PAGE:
Application of Random Amplified Microsatellite Polymorphism (RAMP) in Prunus Characterization and Mapping


1 Department of Landscape Engineering, Faculty of Agriculture, Malayer University, Malayer, Iran

2 Department of Plant Breeding, CEBAS-CSIC, P.O. Box 164, 30100 Campus Universitario, Espinardo, Murcia, Spain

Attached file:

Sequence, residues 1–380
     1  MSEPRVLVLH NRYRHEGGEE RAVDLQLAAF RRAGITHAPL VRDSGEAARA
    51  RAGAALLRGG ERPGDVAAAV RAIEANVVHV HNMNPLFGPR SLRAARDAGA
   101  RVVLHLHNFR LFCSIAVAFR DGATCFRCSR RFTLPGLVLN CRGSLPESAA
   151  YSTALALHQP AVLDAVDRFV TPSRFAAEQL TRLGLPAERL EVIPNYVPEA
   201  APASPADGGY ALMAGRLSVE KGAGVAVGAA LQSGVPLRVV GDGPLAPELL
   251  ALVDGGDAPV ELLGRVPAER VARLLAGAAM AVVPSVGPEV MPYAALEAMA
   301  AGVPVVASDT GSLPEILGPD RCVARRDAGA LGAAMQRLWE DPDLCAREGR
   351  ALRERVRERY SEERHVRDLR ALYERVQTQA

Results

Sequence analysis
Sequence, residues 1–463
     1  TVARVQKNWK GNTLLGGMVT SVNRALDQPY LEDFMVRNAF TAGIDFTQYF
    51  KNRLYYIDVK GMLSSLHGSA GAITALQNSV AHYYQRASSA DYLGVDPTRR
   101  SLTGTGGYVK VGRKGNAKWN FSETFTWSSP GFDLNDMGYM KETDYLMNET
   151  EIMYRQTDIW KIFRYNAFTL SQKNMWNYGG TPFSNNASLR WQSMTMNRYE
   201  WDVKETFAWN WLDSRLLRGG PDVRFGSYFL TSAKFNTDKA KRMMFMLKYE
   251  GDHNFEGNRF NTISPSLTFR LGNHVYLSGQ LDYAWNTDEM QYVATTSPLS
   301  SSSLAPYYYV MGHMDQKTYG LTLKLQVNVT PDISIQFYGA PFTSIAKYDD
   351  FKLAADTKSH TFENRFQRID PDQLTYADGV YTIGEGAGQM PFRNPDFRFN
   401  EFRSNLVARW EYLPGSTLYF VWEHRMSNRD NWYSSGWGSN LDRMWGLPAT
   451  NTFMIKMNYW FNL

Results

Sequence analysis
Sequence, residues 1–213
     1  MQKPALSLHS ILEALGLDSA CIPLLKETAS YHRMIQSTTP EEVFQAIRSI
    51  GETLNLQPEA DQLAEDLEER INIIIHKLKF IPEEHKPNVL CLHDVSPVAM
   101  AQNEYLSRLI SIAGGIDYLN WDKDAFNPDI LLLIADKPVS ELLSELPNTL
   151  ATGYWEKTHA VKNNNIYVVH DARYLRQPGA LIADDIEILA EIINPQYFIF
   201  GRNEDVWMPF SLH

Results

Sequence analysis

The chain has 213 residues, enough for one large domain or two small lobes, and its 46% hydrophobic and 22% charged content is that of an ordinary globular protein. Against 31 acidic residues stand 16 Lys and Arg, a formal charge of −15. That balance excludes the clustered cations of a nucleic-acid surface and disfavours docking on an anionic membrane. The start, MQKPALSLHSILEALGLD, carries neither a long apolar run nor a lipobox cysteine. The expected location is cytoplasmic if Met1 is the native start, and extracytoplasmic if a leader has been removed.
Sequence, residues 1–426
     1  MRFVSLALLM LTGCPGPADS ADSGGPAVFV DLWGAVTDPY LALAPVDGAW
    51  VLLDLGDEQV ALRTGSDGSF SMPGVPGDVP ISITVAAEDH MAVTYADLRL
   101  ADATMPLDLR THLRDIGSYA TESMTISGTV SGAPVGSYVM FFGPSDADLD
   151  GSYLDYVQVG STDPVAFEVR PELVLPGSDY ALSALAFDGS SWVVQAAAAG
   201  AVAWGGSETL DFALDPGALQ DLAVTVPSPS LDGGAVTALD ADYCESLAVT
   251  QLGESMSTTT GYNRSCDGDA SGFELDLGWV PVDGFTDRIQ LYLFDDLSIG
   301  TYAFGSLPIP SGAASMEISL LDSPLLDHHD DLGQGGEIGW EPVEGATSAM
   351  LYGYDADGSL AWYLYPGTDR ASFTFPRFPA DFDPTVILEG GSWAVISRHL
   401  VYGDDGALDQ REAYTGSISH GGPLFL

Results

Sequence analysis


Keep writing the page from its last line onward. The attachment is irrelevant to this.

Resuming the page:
Random amplified microsatellite polymorphism (RAMP) is a PCR-based marker which uses a combination of two classes of markers: Simple sequence repeat (SSR) and Random amplified DNA polymorphism (RAPD) markers. RAMP has been demonstrated to be a potentially valuable molecular marker for the study of genetic relationships in cultivated plant species. The objective of this study was to optimize the application of RAMP markers for the molecular characterization of a F1 almond progeny from the cross between ‘Tuono’ and ‘Shahrood-12’ cultivar. In this first study, genomic DNA was extracted from young leaf tissues and PCR reactions were done using two nuclear SSR markers (assaying forward and reverse primers) and two selected RAPD primers. In addition, to check the transferability of these RAMP markers across Prunus genus, a F1 apricot progeny from the cross between the North American cultivar ‘Goldrich’ and the Spanish ‘Currot’ was assayed. Results showed the dominant nature of these markers with a great abundance and transferability although with a reduced polymorphism.